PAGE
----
Leadership Report mobilizes UNY 2.0
What do phones and the Upper New York Conference have in common?
“Phones have evolved to a point where early users would barely recognize them. At their core they are still much the same, but their capacity has increased exponentially,” a voiceover said in a video played during the Conference Leadership Report. “In the Upper New York Conference, our story is the same. Upper New York United Methodists from many years ago could never have dreamed of how far we’ve come, and we can hardly conceive of what United Methodism will look like many years from now.”
The Conference Leadership Team introduced Upper New York 2.0, an initiative that’s “all about increasing leadership capacity,” on Friday. The presentation wove a theme of the relationship between phones/technology and the Conference to illustrate UNY 2.0.
“We believe God calls us into life-changing ministry and provides what we need to accomplish this work,” said the Rev. Bill Gottschalk-Fielding, Conference Director of Connectional Ministries. “Like apps on a phone, we each have unique gifts designed to contribute something to the disciple-making work of the Church.”
Rev. Gottschalk-Fielding said everyone has the basic components of leadership capacity, and that capacity can be upgraded. The primary task of the Conference is helping God increase the leadership capacity of clergy and lay leaders in order to grow a ministry.
“You are part of this new thing,” he said. “You are Upper New York 2.0.”
Bethany Printup-Davis, a lay member of the Conference Leadership Team, said the team is focusing its efforts on activities most likely to produce the greatest benefit to local churches as they seek to make disciples of Jesus Christ for the transformation of the world.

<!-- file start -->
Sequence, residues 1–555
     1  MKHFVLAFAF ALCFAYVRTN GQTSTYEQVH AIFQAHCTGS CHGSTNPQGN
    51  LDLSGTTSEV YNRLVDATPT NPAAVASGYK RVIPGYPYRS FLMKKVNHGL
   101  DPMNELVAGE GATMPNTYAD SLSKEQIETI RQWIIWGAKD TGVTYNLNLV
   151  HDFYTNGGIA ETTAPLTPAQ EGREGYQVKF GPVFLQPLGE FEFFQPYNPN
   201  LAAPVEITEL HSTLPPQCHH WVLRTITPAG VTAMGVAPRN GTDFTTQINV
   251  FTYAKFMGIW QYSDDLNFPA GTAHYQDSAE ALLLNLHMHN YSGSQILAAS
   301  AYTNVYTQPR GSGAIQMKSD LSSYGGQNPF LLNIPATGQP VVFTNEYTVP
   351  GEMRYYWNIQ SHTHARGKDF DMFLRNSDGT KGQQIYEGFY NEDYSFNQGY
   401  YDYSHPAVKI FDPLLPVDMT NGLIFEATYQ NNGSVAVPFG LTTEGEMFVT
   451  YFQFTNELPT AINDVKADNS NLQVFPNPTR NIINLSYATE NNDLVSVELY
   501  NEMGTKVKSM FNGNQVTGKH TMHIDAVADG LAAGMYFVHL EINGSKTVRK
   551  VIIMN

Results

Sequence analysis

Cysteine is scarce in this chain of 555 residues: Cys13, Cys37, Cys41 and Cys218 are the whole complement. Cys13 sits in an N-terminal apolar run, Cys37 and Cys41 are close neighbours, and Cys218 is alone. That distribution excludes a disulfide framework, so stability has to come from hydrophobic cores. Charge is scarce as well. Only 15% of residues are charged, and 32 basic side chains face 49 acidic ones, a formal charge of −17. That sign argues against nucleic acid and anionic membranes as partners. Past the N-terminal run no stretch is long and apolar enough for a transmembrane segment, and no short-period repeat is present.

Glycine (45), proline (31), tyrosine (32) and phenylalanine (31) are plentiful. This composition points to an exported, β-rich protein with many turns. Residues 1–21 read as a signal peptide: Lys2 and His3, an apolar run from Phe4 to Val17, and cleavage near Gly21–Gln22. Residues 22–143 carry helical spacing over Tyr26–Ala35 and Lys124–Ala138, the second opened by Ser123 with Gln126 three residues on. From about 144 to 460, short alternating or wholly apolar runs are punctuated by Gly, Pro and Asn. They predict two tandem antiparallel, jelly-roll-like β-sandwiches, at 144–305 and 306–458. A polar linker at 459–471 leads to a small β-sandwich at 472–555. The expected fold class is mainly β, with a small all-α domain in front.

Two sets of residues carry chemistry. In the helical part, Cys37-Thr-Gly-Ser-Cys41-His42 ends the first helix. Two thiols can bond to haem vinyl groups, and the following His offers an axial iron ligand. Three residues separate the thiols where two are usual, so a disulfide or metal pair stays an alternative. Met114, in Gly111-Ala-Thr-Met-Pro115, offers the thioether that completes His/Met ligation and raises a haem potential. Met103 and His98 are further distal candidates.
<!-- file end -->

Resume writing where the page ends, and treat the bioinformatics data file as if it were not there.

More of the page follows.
“That’s what is driving Upper New York 2.0,” she said. “That’s why we believe helping increase the capacity of leaders to lead is the primary task of our Conference.”
The Rev. Aaron Bouwens, Conference Director of Vital Congregations, introduced the 16 core competencies of UNY 2.0 that help guide developing leaders. The competencies are divided into two groups: technical and adaptive. Technical competencies focus on improving a leader’s problem-solving skillset, while adaptive competencies focus on transforming a leader’s understanding and influence on ministry environments and organizational culture, using learning approaches infused with new ideas coupled and deepened with peer interaction.
Cornerstone District Superintendent the Rev. Sherri Rood shared five strategic “apps” that help increase capacity, including vision-casting; strategic thinking and planning; preaching, teaching, and supervision; spiritual formation; and leadership development.
The Rev. Dave Masland, Conference Director of New Faith Communities, compared mentorship to familiarity with apps.
“When we become comfortable with the apps we have, we can then offer help to those who are uninitiated,” he said. “Likewise, Upper New York 2.0 places high value on the act of mentorship. There’s nothing like having a seasoned user at your side as you learn new things.”
The report also discussed: a “Mentoring for Effectiveness” process; Upper New York Resident Bishop Mark J. Webb and the appointive cabinet’s continuation to find the right-size pastoral leadership to meet congregation needs; and identifying, developing, and supporting current and future new faith community planters.
“Greater leadership capacity is within our grasp,” said Rev. Gottschalk-Fielding. “We only have to activate it.”